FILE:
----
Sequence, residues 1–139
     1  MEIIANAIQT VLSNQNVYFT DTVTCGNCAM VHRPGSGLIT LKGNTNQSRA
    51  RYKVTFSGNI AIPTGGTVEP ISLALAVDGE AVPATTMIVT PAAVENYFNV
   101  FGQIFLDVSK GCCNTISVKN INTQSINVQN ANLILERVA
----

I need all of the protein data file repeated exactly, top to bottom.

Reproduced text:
Sequence, residues 1–139
     1  MEIIANAIQT VLSNQNVYFT DTVTCGNCAM VHRPGSGLIT LKGNTNQSRA
    51  RYKVTFSGNI AIPTGGTVEP ISLALAVDGE AVPATTMIVT PAAVENYFNV
   101  FGQIFLDVSK GCCNTISVKN INTQSINVQN ANLILERVA